Bringing Real Change to the Face of Addiction
MCL: What makes BRC unique as a drug and alcohol treatment facility?
Marsha Stone: There are so many things that make BRC a unique facility. If I had to choose the two main aspects that make BRC unique, it would be our culture and the long-term continuum of care.
We were founded in 2006 as a true Recovery Center—the first of its kind. Rather than a traditional medical/clinical treatment approach, we wanted to create an environment that would immerse someone in the process of a recovery and produce the type of spiritual awakening necessary, in our experience, for lasting recovery to take root.
BRC uses the social model of recovery, where experiential knowledge and mutual support are valued. Our residents are taught and expected to begin helping each other very early in their stay. This process of one addict helping another is the foundation of recovery, and our community of residents is really the backbone of the program.
Our focus on these social and interpersonal aspects of recovery helps our residents achieve long-term success. We try to foster reliance upon peers over reliance upon counselors because when our residents complete their stay in treatment, we want them to have a sustainable foundation of peers on which to rely.
The long-term continuum of care is another unique aspect of BRC that is key to our success. We recognize that addiction is a chronic illness that requires a chronic care approach. The 90-day stay in residence is really just the beginning of a lifelong process.
Our residents move from inpatient treatment to our sober living facilities. We have three levels of care for sober living that help residents transition back to independent living.
In addition to sober living, which can last up to one year into a person’s recovery, we also offer the Segue Program, a comprehensive personalized aftercare program. Our residents get assigned a recovery coach who provides case management, accountability, monitoring, recovery coaching, and family engagement. This year long program helps a resident stay on track outside the confines of treatment and is a huge part of our success.
MCL: Your reputation for effective treatment of the “most treatment resistant” caught my eye. Can you tell us briefly about this particular aspect of BRC?
Marsha: BRC has always been effective at treating the “chronic relapser” or “treatment resistant” client. These populations are most difficult to treat, but the unique culture at BRC really provides an environment that shifts the paradigm for this type.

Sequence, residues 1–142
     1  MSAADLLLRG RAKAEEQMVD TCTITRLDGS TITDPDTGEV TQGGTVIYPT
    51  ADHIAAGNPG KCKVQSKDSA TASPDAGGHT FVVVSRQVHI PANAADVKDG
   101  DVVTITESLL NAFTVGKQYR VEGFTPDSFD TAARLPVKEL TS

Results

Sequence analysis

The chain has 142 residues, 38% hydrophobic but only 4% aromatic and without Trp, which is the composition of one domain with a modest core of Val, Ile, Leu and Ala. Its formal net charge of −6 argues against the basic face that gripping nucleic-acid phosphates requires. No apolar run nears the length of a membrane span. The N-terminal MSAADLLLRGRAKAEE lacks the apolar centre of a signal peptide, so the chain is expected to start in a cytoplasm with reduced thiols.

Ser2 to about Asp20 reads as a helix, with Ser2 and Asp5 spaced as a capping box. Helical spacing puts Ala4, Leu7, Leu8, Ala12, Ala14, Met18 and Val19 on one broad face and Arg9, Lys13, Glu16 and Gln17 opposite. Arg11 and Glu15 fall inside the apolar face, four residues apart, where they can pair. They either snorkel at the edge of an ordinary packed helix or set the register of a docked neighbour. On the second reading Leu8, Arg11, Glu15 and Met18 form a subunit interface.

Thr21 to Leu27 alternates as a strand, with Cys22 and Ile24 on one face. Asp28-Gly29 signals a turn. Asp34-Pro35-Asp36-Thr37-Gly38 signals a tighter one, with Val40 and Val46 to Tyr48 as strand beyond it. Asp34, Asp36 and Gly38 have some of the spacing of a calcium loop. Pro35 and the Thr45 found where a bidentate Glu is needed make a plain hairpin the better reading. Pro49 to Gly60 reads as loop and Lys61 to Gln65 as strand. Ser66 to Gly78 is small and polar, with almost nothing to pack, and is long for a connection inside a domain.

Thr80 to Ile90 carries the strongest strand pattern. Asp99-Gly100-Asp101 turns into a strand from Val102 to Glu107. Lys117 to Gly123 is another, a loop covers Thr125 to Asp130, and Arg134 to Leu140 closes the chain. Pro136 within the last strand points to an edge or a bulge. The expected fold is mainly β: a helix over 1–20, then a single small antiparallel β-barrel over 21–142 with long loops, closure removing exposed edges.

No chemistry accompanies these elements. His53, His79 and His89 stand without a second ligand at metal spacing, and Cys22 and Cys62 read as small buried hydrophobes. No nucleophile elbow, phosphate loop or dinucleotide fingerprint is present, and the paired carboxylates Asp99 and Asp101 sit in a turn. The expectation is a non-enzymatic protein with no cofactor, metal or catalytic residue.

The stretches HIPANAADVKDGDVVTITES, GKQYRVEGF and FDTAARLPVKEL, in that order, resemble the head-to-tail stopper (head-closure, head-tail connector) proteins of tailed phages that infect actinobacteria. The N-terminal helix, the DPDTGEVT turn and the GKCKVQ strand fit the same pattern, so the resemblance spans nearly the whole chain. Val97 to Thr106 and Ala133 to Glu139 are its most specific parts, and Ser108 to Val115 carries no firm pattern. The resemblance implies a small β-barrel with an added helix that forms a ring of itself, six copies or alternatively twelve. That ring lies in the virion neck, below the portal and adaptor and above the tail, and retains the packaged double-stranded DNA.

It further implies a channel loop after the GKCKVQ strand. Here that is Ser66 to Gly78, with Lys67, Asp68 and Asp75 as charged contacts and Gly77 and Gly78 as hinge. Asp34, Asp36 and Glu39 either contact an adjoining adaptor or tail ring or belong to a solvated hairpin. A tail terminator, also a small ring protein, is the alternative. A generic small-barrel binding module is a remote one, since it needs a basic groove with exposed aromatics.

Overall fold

We find that these clients are treatment savvy—they know what to say to pretend like they are having an experience with the recovery process while resisting it. The community-driven aspect of our program allows the peers within a person’s community to hold them accountable and make sure their actions match their words.
Residents who have been to numerous treatment centers frequently comment that they have never experienced anything like BRC. They are so used to fooling their counselors and “playing the game,” that when they have their inconsistencies pointed out by their peers, it often brings about change where no amount of pressure from the staff could.
MCL: BRC has an impressive alumni program and a blog on the website by alumni that is just heartwarming. How does a recovering addict joyfully embrace being part of a community that began at a point of so much pain and chaos?
Marsha: I think that our alumni tend to be more open about their recovery because they’ve had such a powerful experience with the recovery process. Stigma is still a big issue, but we find that when someone’s life is truly transformed by the recovery process, they feel almost obligated to share with other people in an effort to carry the message of recovery to those who are still suffering. We encourage our residents to use their own experience to help others, and I think that when you have a group of people who are open about their recovery and using it for a purpose, it takes away some of the shame and stigma.
Additionally, we have an entire department called our Family and Alumni Department, where, from day one of treatment, families and future alumni are plugged in with specialized staff who are part of the team leading the way and providing resources and hope for a better future for all.
MCL: Are there different programs that specifically target different ages or genders?
Marsha: Yes. BRC has always been a gender-specific program, as we believe that a gender specific environment that minimizes distractions and allows men and women to focus on their recovery. Our programs provide gender specific content and allow us to focus on specific issues affecting these populations.
Traditionally, BRC has treated men and women of all ages. Over the last few years, we realized how many young adults (ages 18-26) were coming into our care. Seeing the specific needs of this population, we started a young adult program called Spearhead Lodge in 2016 that specifically caters to young men ages 18-26.
We have found this program to be extremely successful with its focused approach to treating young men as a specialized group and catering to their specific needs and learning styles that are quite different and more energy focused than those individuals of either a different gender or a different life stage.
MCL: What would be the first steps a concerned family member should take in exploring help?
Marsha: The first step would be to contact professionals who understand addiction. Our admissions team is trained to consult with families and make recommendations based on their needs. We have a strong referral base, so if someone is not a fit for our program, we can help him or her connect with resources that would be the best fit. In most cases, some sort of formal treatment is necessary if someone is truly suffering from alcoholism or addiction. There are now so many great resources available.